I've passed prolife legislation, we defunded Planned Parentiood signed a law that requires an ultrasound, um, which, think about that, the media tried to make that sound like it's a crazy idea. Most people I talk to, whether they're prolife or not, I find people all the time will get out their iphone and show me a picture of their grandkids's ultrasound and how excited they are. That's a lovely thing. My sons are 19 and 20, we still have theur [sic] ultrasound picture, it's a cool thing out there.Dana states, "What's the point of discussing a possible candidate's answer on life issues if you're not going to accurately state what was said?" What the media is saying, is that Walker stated that forced ultrasounds are "a cool thing out there."
What he said can be interpreted that way, and his wording leads you to believe that. Implying that making ultrasounds mandatory is not a "crazy idea", then saying ultrasounds are, "a lovely thing" and "a cool thing out there" to prove that point kinda sounds like an equation to me.
Then Dana steps in it even worse. From her article:
Anyone with the reading comprehension of a dolphin knows that Walker was specifically describing ultrasound images, not the legislation itself -- which yes, it is cool that women seeking an abortion as a form of birth control must think and see the life they are ending before ending it.Getting my dolphin reading comprehension glasses on, this makes it sound even more like Dana says it (the legislation) is a "cool thing out there". While I think Dana did that on purpose, it may also show that lately, she's been slipping. You hear someone you are interviewing, and want to look good, say something that can be misinterpreted, your next question should be about clarification. Dana did not do that here. Maybe balancing a home life, kids, a husband, a radio show and a TV show is more than any amount of SuperBeets can help.
I am game, though. Let Mr. Walker have a pass. He didn't mean to equate mandatory ultrasounds for abortions as being lovely or cool. I wonder if there is an example of someone on the right misinterpreting something someone on the left said? Oh, I don't know, maybe one Dana Loesch?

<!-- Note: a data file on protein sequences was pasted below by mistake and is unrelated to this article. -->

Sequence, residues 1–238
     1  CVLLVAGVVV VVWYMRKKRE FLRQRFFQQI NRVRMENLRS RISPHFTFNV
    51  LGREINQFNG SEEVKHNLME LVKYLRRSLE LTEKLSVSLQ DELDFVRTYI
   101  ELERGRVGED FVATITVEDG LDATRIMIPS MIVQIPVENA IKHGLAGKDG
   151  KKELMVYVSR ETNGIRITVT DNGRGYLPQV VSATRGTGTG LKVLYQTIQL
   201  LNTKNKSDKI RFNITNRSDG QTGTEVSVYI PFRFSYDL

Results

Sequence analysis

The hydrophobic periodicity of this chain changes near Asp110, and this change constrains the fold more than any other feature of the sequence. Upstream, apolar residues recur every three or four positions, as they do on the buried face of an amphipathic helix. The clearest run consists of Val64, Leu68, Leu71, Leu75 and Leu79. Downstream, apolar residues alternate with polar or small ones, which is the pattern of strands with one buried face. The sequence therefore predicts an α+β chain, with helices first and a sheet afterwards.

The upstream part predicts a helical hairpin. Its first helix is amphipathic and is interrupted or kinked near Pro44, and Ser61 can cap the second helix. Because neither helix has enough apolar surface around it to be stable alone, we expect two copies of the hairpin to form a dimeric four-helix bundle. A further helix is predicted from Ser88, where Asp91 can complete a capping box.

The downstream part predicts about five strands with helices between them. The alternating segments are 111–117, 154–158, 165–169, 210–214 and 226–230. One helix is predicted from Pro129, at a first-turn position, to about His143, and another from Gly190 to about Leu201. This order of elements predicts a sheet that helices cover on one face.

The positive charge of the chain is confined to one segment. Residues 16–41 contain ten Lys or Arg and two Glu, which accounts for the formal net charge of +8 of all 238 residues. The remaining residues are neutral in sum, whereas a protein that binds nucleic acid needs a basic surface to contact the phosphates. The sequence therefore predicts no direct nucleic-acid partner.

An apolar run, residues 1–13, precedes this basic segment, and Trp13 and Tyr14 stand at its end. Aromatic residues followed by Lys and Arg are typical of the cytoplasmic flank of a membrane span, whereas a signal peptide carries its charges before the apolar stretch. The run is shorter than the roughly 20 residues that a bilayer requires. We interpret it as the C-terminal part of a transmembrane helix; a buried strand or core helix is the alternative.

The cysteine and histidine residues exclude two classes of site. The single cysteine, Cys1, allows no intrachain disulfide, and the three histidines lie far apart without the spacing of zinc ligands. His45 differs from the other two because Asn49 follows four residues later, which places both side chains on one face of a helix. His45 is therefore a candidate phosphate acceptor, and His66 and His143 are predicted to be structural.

Back in February, Dana had another article with the flashy headline, "Michael Bloomberg: We Need To Disarm Minorities". Here is how she interprets what Bloomberg said:
Bloomberg claimed that 95 percent of murders fall into a specific category: male, minority and between the ages of 15 and 25. Cities need to get guns out of this group’s hands and keep them alive, he said.Did he say this? Well, here is what he really said:
It’s controversial, but first thing is all of your — 95 percent of your murders, and murderers, and murder victims fit one M.O. You can just take the description, Xerox it, and pass it out to all of the cops. They are male, minorities, 15 to 25. That’s true in New York, it’s true in virtually every city in America. And that's where the real crime is. You’ve got to get the guns out of the hands of the people getting killed. First thing you can do to help that group is to keep them alive.There are a few irregularities here. He said 95% of murders, murderers and victims, not just murderers. He states we need to get the guns out of the hands of people getting killed, not the "whole group" (in this case, just the murderers). He states that the first thing you can do to help that group is to keep them alive, not take guns away and keep them alive.
This leads Dana to make more mistakes in her article further down the line.
Additionally, Bloomberg can't do math.
To Bloomberg's credit, there is a 93% statistic on murder but it describes the percentage of black Americans killed by other black Americans.Although Bloomberg didn't say black Americans, he said minorities.
This seems to be the stat Bloomberg was talking about.
I want to point out the irony of the mayor who championed the loosey law in NYC -- which brought officers to engage Eric Garner -- discussing black male lives.Isn't is ironic? Don't 'cha think? What Dana is missing here is while there was a law in place to not sell loosies, blaming Bloomberg for something that happened the year after he left office, the fact that tax rates on cigarettes were increased after he left office, and enforcement was stepped up after he left office, means there is a lot more to it that Bloomberg's supposed infatuation with loosies.
So Dana did the same thing Politico did, probably to an even greater extent, as Bloomberg never even said the words, "We Need To Disarm Minorities", and Dana to this day hasn't changed her headline.
What I find hilarious though is the title of the webpage for the article she wrote on the Walker misquote, which you can find by looking at the source code, "Politico deliberately used a quote from Wisconsin Governor Scott Walker on ultrasound images." Hey, sometimes Dana can be right after all.